The Joplin Globe, Joplin, MO

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September 11, 2012

Eleventh anniversary of attack marked in various ways across area

JOPLIN, Mo. — Chip Spencer runs or walks most every day.

On Tuesday, the 11th anniversary of the Sept. 11 attack, he decided to run with the red, white and blue in observance of Patriot Day.

“I think you are part of the solution or part of the problem,’’ said Spencer, of Joplin. “I want to be part of the solution. This day reminds me that we live in a free country where you can still express yourself.’’

As Spencer was running west on West 32nd Street, he encountered Buffy Pardun, who was walking to the McDonald’s restaurant at 32nd Street and McClelland Boulevard, where she works.

“I thought he was out getting his exercise and then I saw the flag and thought about Sept. 11,’’ she said. “That made me think about whether we were flying our flag at half-mast. I can see from here that we are not. I need to tell them about that.’’

After she arrived at work, the restaurant lowered its flag to half-staff.

Flags across the city were lowered Tuesday in observance of Patriot Day. Middle school students prepared “goody bags’’ for soldiers overseas, and college students worked on a Habitat for Humanity house at 2507 Picher Ave.

For Spencer, it was a moment to put a smile on someone’s face.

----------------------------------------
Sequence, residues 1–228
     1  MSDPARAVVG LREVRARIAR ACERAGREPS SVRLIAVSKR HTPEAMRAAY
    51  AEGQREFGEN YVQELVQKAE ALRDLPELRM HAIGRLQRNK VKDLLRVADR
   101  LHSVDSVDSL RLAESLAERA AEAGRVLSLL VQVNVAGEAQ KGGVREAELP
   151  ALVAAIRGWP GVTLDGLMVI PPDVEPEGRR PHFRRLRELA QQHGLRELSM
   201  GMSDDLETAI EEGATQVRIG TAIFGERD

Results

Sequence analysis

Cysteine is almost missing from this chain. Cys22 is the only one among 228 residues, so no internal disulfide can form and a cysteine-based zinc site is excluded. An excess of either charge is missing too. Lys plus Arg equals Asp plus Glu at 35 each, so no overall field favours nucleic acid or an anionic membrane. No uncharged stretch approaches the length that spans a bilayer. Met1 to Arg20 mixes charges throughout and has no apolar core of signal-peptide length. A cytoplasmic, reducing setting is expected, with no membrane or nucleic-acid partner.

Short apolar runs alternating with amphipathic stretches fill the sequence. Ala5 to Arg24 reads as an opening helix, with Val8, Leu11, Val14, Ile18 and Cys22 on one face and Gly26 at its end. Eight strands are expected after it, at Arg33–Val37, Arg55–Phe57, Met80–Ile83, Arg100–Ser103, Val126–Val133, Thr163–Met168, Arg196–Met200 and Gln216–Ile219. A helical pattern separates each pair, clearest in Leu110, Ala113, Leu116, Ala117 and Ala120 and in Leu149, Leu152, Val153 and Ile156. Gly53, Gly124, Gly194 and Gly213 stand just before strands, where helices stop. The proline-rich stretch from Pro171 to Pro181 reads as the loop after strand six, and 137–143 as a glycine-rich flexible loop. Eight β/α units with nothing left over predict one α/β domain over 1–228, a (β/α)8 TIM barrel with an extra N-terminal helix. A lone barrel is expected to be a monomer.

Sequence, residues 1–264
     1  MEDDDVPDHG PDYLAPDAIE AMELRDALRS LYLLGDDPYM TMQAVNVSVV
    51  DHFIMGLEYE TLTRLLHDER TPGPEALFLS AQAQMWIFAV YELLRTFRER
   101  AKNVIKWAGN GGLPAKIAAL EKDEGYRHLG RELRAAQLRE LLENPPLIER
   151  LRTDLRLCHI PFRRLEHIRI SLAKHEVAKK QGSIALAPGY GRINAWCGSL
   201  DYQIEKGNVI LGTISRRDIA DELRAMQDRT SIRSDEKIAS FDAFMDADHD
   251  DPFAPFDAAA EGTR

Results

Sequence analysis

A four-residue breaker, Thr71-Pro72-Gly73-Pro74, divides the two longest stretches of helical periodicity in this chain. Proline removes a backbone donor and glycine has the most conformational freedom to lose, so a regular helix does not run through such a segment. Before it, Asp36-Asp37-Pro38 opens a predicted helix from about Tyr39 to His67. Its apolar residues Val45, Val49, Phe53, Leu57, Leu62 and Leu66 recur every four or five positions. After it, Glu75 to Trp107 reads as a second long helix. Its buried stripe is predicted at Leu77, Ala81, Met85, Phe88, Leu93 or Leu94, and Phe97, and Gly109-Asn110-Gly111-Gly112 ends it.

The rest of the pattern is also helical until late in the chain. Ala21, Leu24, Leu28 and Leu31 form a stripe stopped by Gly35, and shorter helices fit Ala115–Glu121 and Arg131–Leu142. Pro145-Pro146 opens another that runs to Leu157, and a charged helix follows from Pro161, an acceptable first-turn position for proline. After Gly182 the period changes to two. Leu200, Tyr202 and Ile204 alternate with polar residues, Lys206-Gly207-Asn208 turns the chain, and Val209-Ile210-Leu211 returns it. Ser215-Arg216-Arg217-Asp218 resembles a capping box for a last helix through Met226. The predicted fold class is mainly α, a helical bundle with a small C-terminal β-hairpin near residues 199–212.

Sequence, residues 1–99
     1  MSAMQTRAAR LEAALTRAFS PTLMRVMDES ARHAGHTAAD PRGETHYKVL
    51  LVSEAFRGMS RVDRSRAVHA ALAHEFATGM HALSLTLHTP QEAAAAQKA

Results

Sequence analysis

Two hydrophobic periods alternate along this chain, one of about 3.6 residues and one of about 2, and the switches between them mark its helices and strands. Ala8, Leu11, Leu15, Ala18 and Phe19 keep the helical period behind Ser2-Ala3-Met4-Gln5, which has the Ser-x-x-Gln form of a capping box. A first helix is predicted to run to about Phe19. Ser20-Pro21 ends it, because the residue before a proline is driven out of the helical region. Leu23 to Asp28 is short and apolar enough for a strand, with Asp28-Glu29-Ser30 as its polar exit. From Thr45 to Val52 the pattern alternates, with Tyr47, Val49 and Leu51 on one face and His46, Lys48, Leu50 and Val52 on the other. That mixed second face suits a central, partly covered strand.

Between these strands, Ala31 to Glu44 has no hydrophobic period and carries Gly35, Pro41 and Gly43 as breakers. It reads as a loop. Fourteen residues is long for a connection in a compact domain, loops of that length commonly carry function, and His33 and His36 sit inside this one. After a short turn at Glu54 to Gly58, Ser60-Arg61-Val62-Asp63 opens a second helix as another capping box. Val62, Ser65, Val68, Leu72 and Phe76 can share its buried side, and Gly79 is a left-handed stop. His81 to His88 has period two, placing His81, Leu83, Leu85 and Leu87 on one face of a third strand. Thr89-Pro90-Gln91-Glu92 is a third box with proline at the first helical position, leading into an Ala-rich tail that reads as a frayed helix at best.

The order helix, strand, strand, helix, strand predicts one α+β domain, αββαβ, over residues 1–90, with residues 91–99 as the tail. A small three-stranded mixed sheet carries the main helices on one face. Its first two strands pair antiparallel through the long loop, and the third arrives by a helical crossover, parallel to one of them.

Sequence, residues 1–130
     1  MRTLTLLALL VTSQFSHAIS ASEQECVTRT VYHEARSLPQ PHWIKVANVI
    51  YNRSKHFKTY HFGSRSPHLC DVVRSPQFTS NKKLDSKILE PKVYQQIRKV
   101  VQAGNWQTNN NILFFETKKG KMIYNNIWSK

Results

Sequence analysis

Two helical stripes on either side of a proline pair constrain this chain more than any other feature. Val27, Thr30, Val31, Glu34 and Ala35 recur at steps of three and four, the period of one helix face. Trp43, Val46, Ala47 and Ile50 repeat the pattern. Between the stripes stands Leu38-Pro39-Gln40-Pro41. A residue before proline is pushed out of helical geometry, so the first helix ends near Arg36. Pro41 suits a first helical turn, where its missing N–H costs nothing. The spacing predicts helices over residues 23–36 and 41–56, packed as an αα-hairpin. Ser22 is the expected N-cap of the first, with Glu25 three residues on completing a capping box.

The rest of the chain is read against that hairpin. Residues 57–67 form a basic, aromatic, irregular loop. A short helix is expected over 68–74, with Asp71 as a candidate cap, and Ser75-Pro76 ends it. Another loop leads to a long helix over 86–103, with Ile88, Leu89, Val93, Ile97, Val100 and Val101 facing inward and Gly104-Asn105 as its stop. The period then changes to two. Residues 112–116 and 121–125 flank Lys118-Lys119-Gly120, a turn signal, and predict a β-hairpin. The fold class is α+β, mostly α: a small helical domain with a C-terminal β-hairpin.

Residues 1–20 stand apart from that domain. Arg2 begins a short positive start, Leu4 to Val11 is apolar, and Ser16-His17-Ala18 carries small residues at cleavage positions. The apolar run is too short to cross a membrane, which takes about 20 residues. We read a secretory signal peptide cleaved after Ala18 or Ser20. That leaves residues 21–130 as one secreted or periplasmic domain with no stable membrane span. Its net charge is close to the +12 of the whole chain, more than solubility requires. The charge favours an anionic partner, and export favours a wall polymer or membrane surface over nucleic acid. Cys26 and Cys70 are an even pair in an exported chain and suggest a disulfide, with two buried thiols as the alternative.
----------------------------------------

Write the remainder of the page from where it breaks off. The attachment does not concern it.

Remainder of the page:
“I have had 50 people at least wave or honk at me today while I was running,’’ said Spencer. “What was it that Emerson said? ‘If you can make one person breathe easier then you can call that day a success.’ Maybe I helped some people to breathe easier today.’’

At East Middle School, students in Amanda Mehrens’s sixth-grade class decorated lunch sacks that will be filled with snacks for members of the military and first responders. They also wrote notes to the soldiers.

Mehrens said, “They are learning about letter writing now. This will be an opportunity for them to write a letter — to get more practice — and to write to a professional person as opposed to their friend.’’

She said some of the notes have been touching.

“One of them wrote: ‘Thank you for giving up time with your family.’ They understand the sacrifice that is being made,’’ she said.

Gavin Briddle, 12, decorated his bag with the flag and fireworks. He wrote: “Thank you for protecting us.’’

Isaiah Kilmete, 12, transformed his bag into a hand puppet that looked like a soldier. He wrote: “You guys are there to protect us. Some day I’m going to be like you guys! You are also there to be a roll model, so I want you to show them who’s the boss! And show them that you, me, and all of us ARE the USA.’’

Stran Johnston, 11, wrote that his “grandfather fought in the Korean War. He was a prisoner of war. He survived the war but died of a heart attack when he was a about 80 years old. That’s why I appreciate the troops.’’

Mehrens, a first-year teacher, said she was in the seventh grade and in class when she learned about the Sept. 11 attack. She said the students in her class were about a year old when the attack took place.

The Resource Development Center at Missouri Southern State University received a $100,000 grant from the Corporation for National and Community Service to stage the local community-service projects and to send a group of volunteers to flood-damaged Minot, N.D., last week.


Sandy Lovett, with the Resource Development Center, said this week’s community-service projects are to work with Joplin Area Habitat for Humanity; with a group from the historic Murphysburg district to help restore the Handy Chapel AME Church on West Fourth Street; and with “Operation Goody Bag.’’


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